If only we all could have his sort of luck. Maybe that’s the trick, the lesson Mother Nature has in store for all of us: withstand the loss of our “tails” with grace and go out every day and do your “job”.

Maybe learning such a lesson does not make us unique, but it certainly brings one closer to being fantastic.


Updated: March 28, 2017 — 8:39 pm


  1. Actually, he could be she. I heard mother foxes use their fur to make dens so they get this real grungy look. As for his/her tail? Who knows? Life must be rough in the wild. Can’t imagine.

    1. Thank you Laurie. And you might be right. Not really sure how to tell the foxes apart. Haven’t seen “it” for a couple days. Hope it hasn’t lost anything more vital than a tail this time…

  2. Wow. Living so urban we rarely see wildlife and don’t want to. It means they are out of habitat. I long for the days when I saw animals all the time.

    1. That’s the one thing I enjoy about where I live. Thanks Carol.

  3. Now that’s the way to take a story and make a moral out of it!!
    How fun to be able to see nature so up close and personal…as long as nature doesn’t create problems, right?

    1. Exactly. I curse the fox for not being a better predator every time I find evidence of mice in my garage or basement.

  4. Wow, a fox with no tail. Quite a tale though… 😉

    1. That fox was quite a sight to be certain. Thanks for reading and for the puns…

  5. Sounds like a pretty bedraggled fox but also a fighter. I always get a little jittery around one that looks that bad for fear of rabies. But I love anything Raold Dahl writes and I don’t think I’ve read this one. Or if I did I need to read it again. I thought I had read all of them to my son when he was little. I’m going to start over and read them all to my grandsons.

    1. You really do have to be careful with foxes that are willing to approach yards and home — they are not afraid. To me that is worse than rabies, that lack of fear. Anyway, I hope you read some Dahl to your grandson’s, they will love him. Thanks Molly.

  6. I was out running very early one morning last Spring and a very skinny fox bolted across the road in front of me and into the woods. Only time I’ve ever seen a fox up close, and it was running faster than I! 🙂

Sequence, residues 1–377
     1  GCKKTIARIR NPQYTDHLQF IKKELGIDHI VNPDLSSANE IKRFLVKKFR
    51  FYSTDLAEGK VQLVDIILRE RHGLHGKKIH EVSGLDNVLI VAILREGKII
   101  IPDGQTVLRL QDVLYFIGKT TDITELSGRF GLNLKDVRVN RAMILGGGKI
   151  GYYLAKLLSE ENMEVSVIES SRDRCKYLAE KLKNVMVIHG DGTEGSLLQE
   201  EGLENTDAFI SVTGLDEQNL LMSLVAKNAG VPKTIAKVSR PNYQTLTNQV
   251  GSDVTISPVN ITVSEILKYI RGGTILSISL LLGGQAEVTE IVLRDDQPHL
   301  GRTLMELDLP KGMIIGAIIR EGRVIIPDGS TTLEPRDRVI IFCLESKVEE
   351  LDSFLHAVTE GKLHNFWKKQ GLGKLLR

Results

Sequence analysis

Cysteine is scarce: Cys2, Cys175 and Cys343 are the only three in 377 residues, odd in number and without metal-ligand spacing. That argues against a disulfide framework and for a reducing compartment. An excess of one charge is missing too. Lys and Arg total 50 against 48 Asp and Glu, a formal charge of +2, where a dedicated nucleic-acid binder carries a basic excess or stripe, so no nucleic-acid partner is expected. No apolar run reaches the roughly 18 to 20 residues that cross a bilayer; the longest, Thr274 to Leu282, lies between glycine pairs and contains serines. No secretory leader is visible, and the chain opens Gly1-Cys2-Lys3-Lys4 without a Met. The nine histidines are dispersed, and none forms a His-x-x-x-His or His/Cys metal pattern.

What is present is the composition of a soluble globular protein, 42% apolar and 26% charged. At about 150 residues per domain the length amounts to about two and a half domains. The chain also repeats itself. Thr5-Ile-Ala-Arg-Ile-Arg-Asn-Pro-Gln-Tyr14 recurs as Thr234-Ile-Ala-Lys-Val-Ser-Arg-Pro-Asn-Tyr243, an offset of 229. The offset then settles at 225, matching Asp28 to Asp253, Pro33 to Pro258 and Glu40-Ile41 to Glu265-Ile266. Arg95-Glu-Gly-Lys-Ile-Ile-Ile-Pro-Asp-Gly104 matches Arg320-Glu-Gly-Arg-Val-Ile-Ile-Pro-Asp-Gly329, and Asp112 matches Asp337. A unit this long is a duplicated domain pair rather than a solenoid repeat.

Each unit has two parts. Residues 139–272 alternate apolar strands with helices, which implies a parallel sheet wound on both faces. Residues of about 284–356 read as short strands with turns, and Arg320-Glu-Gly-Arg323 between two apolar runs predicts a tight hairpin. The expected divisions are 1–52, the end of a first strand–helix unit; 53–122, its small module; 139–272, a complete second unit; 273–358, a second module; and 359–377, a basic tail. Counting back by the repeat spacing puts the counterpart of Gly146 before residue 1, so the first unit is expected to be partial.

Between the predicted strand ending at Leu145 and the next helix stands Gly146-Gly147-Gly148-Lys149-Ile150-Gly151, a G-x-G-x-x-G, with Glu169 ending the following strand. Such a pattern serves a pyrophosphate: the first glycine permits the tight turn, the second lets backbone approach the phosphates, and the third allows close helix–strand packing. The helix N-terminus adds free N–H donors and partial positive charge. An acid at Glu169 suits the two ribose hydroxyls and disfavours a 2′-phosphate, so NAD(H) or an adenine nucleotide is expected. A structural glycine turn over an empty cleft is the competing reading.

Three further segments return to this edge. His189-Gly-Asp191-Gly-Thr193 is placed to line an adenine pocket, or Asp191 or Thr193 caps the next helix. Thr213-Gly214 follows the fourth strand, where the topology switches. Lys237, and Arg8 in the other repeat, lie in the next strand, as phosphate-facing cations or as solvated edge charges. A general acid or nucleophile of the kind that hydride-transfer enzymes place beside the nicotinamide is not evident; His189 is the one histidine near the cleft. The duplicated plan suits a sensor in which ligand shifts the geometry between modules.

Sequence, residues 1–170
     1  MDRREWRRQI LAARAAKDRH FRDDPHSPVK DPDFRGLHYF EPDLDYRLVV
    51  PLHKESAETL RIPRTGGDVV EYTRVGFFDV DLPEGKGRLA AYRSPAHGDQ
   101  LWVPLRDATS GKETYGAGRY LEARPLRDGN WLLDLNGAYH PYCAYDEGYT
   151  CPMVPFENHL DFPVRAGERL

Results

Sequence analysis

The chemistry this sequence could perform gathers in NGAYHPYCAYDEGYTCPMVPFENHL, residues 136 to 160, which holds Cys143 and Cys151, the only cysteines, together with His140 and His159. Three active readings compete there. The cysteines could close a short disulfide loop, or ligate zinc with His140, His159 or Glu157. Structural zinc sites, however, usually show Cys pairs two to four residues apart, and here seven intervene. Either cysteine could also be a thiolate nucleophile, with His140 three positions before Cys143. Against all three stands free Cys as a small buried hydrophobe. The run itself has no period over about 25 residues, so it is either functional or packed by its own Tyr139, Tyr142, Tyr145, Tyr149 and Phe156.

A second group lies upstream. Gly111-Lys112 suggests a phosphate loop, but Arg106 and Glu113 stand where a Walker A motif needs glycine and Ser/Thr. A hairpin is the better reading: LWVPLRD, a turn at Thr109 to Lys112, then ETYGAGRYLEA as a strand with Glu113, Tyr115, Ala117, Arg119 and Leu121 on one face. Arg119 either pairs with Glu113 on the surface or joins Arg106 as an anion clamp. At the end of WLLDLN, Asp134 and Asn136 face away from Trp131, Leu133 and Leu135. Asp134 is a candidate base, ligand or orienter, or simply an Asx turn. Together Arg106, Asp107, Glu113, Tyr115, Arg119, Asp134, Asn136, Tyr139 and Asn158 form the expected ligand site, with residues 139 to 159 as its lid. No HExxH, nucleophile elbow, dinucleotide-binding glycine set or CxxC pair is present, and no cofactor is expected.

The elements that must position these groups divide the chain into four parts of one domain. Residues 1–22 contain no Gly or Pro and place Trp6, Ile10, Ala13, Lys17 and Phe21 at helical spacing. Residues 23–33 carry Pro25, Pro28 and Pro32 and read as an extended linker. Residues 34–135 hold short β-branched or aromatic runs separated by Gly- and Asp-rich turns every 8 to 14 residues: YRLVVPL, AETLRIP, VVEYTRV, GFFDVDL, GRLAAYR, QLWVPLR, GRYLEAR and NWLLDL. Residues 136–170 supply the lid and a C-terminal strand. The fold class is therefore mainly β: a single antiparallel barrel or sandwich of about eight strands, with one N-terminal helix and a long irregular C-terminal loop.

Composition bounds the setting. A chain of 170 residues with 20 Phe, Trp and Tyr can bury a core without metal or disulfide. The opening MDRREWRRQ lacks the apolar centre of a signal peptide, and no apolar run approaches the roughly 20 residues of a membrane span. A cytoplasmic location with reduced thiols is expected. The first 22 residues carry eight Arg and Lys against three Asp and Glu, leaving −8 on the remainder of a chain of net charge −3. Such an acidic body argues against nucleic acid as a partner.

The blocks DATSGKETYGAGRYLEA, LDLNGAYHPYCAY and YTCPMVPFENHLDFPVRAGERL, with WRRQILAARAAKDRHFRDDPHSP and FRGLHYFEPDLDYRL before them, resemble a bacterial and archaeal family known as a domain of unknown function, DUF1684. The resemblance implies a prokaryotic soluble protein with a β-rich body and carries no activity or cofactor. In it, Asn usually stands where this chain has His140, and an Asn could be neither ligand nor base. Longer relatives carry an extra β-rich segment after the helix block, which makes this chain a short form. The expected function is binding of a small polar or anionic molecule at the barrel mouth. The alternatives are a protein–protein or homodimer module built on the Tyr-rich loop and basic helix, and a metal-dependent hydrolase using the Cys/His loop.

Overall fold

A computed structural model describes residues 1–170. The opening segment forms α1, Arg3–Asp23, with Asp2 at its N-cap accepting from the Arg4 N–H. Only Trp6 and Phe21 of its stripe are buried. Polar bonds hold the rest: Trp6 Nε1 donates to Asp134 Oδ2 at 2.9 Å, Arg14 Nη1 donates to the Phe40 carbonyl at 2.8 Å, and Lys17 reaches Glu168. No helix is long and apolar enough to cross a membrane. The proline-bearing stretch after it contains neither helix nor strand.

1. Lucky he didn’t try to take a bite out of you. The local news reported two women were attacked in a park by a fox. Doubt they were running though, probably feeding donuts to squirrels. Guess they deserved it then because foxes love both donuts and squirrels.

  7. Admit it, one night you and the hubby got into another argument over that tree. So he decided to get his bazooka out of the closet and knock the tree over, only you distracted him long enough that his aim was off and he sever the poor guy/girls tail!

    1. Who told you about my bazooka? That info was on a need to know basis… Wait, did you “tap my wires”? I’ve been “wiretapped” (Sad or sick?). By the way the fox does not, and has not, ever had any contact with the Russian foxes before or after the alleged bazooka incident. For the record.

  8. I absolutely love the last line of this.
    Foxes would freak me out. I have read one too many fairy tales.

    1. Aw, they’re harmless. Fun to watch when they are stalking prey, unless you are the prey of course.

  9. ‘He still lacks a tail’ – I would hope so! It would be a bit weird if it grew back! Poor tail-less fox. I really like foxes. They are pretty unpopular over here, especially urban foxes, but I like them and I always feel sorry for them. And that’s even without ever seeing one that has lost its tail. I was so freaked out the first time I heard them at night though. Such a strange noise they make, and disturbingly like a distressed child.

    1. I can see urban foxes being a problem. But if we hadn’t overrun their backyards and paved over their dens then maybe… I was shocked to see this one sans-tail. A weird and fantastic sight to say the least.